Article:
Tesla Model Y review
The Model Y promises a more affordable take on the Model X's seven-seater formula, while retaining Tesla's usual thrills and technology
- Fast and fun
- Relatively affordable
- Option of seven seats
- Slightly awkward styling
- Interior quality could be better
- Entry-level model not due for a while
|Car type||Range||Wallbox charge time||Rapid charge time|
|Electric||298-314 miles (est.)||11hrs 45mins (0-100%, 7.4kW)||31mins (10-80%, 150kW)|
Tesla is often associated with hype, but the Model Y could be its biggest-selling, most important car to date, tapping into the lucrative electric SUV market just as it really starts to boom in 2021. Three versions are planned, broadly similar to the variants of the Model 3. The more expensive Performance and Long Range will arrive first, with twin electric motors and a range of around 300 miles. Later, we'll get a cheaper entry-level Standard Range with a single motor, giving reduced performance and range. We don't have official UK prices yet, but in its native US, the Long Range starts at around $53,000 and the performance at around $61,000. The Standard Range (not yet offered, even in the US) should be priced at just under $40,000, to compete with other eagerly awaited electric SUVs such as the Volkswagen ID.4 and Skoda Enyaq iV.
The Tesla has an ace up its sleeve in this company, however; like its Model S and Model X stablemates, it's available with a third row of seats, to carry seven in total. Some US customers have taken delivery of Model Ys already, but examples for European markets will be built at Tesla's under-construction 'Gigafactory' in Germany; that means deliveries on this side of the pond aren't expected until 2021. So what's in store for buyers when the cars turn up?
Tesla Model Y performance, handling and ride
Our test car was a Model Y Performance. Tesla isn't disclosing exact horsepower figures, but it's believed to make the same 456bhp as the Model 3 Performance. Like that car, it's not short on accelerative 'shove' either from a standstill or a rolling start, feeling like a Mercedes AMG or BMW 'M' model in the way it leaps forward when you step on the throttle. The 0-60mph time is estimated at 3.5 seconds, while top speed is 150mph. The Long Range version dials the 0-60mph time back to 4.8 seconds and top speed to 135mph Teslas have been criticised for being fast yet soulless, but things seem to have moved on with the Y – it's more involving than the Skoda Enyaq iV prototype we've also driven. Be warned, though: excessive 'enthusiastic' driving really eats into range, with every burst of sharp acceleration seemingly taking 15 to 20 miles out of the indicated figure, which on our test car began at 298 miles with a full battery. Ride quality is reasonable – not sports-car harsh, but not cushioning soft, either – so you feel in touch with what the wheels are doing and there's good feel through the steering wheel. As it rides a little higher, the Y inevitably doesn't feel as planted as the Model 3, but is noticeably less unwieldy than the large and heavy Model X. Body lean in corners is almost nonexistent, even when making rapid changes of direction. One area you'll definitely notice a difference if you're making the transition from a petrol or diesel car is when slowing down. Like other Teslas, the Y has a regenerative braking system, and unlike in some other electric cars, the effect is set to maximum by default; that means the car slows down considerably when you lift off the pedal, to the extent that you probably won't need to brush the brakes during most everyday driving.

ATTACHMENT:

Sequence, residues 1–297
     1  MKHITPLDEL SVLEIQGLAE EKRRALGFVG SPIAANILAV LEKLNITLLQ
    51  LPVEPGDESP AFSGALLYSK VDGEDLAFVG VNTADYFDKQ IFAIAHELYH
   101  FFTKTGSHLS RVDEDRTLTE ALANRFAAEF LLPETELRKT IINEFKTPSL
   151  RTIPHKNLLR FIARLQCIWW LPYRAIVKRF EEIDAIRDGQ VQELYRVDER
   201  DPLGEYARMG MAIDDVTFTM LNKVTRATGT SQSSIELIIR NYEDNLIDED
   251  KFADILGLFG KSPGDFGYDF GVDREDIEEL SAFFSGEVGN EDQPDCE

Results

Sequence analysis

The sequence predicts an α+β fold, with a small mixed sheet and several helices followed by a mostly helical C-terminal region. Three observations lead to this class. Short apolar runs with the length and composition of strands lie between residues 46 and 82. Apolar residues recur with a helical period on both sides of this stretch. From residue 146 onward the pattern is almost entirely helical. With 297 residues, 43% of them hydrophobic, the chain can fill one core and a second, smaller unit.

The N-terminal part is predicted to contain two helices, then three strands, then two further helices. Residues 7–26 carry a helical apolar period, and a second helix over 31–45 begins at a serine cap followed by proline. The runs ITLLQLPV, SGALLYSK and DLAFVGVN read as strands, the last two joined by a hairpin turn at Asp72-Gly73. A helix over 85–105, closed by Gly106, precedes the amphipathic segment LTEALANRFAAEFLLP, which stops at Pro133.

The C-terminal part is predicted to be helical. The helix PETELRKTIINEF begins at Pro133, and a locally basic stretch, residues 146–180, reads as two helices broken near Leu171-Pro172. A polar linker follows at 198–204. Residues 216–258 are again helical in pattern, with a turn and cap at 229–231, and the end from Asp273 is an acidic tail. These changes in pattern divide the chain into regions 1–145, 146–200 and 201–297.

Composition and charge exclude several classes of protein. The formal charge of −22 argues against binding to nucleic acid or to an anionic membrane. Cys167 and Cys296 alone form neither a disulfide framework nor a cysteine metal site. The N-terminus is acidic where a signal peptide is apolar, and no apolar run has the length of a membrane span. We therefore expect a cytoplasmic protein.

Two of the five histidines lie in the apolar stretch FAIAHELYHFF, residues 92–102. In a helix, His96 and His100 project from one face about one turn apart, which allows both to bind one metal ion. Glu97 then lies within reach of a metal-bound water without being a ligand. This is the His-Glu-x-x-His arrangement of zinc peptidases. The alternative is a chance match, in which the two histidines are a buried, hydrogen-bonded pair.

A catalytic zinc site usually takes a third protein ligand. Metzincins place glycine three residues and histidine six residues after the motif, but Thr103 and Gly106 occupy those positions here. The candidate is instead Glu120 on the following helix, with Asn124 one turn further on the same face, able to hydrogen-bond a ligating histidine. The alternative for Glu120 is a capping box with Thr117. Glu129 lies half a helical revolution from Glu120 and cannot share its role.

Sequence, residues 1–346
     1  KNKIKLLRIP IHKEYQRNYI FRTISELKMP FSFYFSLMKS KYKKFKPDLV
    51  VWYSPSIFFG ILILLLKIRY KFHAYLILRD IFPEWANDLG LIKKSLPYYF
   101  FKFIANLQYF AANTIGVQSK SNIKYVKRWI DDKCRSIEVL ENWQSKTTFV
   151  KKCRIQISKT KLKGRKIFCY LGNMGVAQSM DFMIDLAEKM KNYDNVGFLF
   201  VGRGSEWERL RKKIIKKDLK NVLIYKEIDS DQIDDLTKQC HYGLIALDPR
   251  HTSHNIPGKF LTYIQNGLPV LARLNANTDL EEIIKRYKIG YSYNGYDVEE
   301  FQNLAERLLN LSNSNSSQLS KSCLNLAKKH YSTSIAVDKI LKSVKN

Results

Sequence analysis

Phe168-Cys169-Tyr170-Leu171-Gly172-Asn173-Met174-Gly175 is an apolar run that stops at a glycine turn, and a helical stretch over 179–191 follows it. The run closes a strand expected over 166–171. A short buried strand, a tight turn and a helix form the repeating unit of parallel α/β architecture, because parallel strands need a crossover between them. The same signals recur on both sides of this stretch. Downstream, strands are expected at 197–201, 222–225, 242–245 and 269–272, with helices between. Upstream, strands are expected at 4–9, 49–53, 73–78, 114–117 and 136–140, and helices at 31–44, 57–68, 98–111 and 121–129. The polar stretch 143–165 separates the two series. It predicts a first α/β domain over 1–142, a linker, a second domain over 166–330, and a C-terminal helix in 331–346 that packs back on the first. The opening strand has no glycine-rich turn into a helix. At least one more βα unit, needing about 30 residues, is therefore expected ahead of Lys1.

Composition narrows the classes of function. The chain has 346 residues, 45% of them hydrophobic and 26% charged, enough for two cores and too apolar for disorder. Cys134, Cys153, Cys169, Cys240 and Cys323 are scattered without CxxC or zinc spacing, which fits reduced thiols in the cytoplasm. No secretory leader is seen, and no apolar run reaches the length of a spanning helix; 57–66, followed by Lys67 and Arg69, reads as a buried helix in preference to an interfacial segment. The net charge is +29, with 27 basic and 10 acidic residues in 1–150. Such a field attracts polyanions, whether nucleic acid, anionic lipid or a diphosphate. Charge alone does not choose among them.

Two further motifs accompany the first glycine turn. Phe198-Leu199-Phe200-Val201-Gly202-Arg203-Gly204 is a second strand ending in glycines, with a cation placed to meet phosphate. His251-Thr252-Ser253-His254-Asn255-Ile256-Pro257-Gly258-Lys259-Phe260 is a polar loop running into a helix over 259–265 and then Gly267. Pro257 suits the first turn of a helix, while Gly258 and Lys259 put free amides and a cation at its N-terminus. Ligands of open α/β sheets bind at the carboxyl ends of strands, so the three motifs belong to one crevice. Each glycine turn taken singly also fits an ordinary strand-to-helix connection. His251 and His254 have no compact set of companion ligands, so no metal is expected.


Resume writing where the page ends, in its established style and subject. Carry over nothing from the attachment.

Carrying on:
Interior, comfort and practicality
Inside, the Model Y is almost a carbon copy of its Model 3 sibling, with the exception of noticeably more headroom thanks to its higher roof. Getting in and out is easier and the car feels brighter and airier than the Model 3 once you're inside – particularly for rear-seat passengers, who are a bit short-changed in the 3. Another big improvement over the 3 is boot space. That car's small opening and limited luggage capacity hurt its practicality, but in the Y you get more space and the three-part rear seat folds down electronically. The addition of those third-row seats is likely to impinge on capacity quite significantly, however, and they'll likely only be suitable for small children. Sitting in the driver's seat, some may be shocked at the sheer minimalism: there are no dials or readouts apart from the central touchscreen, which operates everything from the radio to the sat nav and wipers. It's impressive from a technical standpoint, but less impressive is the quality of materials used for the seats and trim, which doesn't match what you get in an Audi, Mercedes or BMW. That said, the car we drove was one of the very first off the line, so things may improve.
In many ways, there are few surprises here. The Model Y is fast, impressive to drive, cleanly designed and has the same 'want' factor as the rest of the company's products. But a relatively low price and better practicality than the Model 3 set it apart – and set it up for potentially huge sales numbers.
The problem for Tesla is that, unlike its other models, the Y faces a field of direct rivals when it goes on sale in 2021. On the evidence of this drive at least, though, it should be able to put up a good fight.